Object Pooling For Efficiency

When it comes to computing, not all devices are created equal.  An action intense game that runs at 500 frames per second on a computer may only run at 12 frames per second on a mobile device.  To maximize your frame rate across all platforms it is very important to use your game resources efficiently.

One of the best things you can do for your game is to use object pooling.  This conserves resources by recycling a pre-defined set of objects rather than dynamically creating and destroying them as necessary.

Instantiating and destroying objects dynamically uses more memory than instantiating many objects at the start and recycling them.  It makes garbage collection more predictable, eliminating a lot of hitches in the frame rate.

User Invulce from the Unity3D forums make a great object pooling script.  A similar version of the script can be found below:

To use the script, attach it to an empty game object on your scene.  In your project inspector, add all your desired prefabs to the objectPrefabs array and using the same order, determine how many prefabs you’d like to instantiate using the amountToBuffer array.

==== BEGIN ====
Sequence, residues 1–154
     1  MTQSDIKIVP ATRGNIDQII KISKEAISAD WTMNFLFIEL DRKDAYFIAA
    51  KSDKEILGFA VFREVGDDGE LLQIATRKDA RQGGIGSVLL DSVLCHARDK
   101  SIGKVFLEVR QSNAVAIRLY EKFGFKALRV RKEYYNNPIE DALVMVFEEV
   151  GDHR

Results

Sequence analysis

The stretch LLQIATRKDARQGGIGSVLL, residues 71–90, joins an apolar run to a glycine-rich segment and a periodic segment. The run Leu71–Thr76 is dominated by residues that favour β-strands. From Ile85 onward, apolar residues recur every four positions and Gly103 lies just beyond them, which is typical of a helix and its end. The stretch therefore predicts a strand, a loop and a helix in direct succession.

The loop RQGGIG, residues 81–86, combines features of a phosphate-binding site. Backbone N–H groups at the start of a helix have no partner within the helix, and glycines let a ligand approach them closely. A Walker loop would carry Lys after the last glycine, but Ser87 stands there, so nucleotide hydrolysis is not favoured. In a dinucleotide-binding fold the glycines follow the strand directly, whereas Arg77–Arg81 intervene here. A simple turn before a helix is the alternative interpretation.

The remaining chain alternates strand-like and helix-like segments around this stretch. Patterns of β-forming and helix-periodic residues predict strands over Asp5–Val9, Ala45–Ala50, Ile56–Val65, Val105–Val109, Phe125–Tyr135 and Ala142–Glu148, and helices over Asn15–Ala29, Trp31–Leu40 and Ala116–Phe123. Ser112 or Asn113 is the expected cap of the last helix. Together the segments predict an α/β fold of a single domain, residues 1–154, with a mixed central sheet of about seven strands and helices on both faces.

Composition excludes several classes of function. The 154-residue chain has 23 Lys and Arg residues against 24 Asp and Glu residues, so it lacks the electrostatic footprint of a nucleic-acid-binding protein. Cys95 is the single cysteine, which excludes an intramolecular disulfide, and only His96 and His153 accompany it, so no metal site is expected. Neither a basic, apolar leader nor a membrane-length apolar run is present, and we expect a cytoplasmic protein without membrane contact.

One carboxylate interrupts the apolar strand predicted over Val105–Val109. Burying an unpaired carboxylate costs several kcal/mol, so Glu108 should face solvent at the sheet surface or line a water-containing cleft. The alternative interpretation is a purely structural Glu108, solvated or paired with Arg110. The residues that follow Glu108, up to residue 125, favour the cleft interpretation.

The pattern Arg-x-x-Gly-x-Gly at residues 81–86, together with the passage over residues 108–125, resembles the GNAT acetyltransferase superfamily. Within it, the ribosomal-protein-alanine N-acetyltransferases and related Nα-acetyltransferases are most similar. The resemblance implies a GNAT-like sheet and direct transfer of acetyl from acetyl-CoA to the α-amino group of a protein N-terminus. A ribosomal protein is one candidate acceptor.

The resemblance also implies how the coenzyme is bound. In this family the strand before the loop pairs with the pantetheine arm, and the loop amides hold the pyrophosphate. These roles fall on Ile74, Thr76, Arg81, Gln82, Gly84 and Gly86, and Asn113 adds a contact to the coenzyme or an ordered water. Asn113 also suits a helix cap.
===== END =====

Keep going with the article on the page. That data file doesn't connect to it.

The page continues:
Object Pooling Demo
Object Pooling Demo

In the above screenshot you’ll notice the objectPrefabs array has two prefabs.  Element 0 is circle and Element 1 is square.  In the amountToBuffer array you’ll notice Element 0 is 10 and Element 1 is 5.  This means that our object pool will have 10 circles and 5 squares generated.

To use an available object from the pool you can use this command from any one of your scripts on the scene:

objectType is the name of the prefab you’d like to grab from the pool and if you set onlyPooled to true, it will instantiate the prefab if there isn’t one available.  Personally I’d rather generate enough at the start than instantiate them dynamically.

To add the object back into the pool when finished, make use of the following command:

Download Object Pooling Demo

Nic Raboy

Nic is a skilled application developer who has released several native and hybrid mobile applications to iTunes and Google Play. He writes about his development experiences related to making web and mobile app development easier to understand and has experience in Android, Node.js, Apache Cordova, Java, NoSQL, SQL, GoLang, NativeScript, and Unity3D.

  • Dave

    Nice job, Nic! It’s definitely a good idea to focus on good memory management, especially when it comes to mobile devices.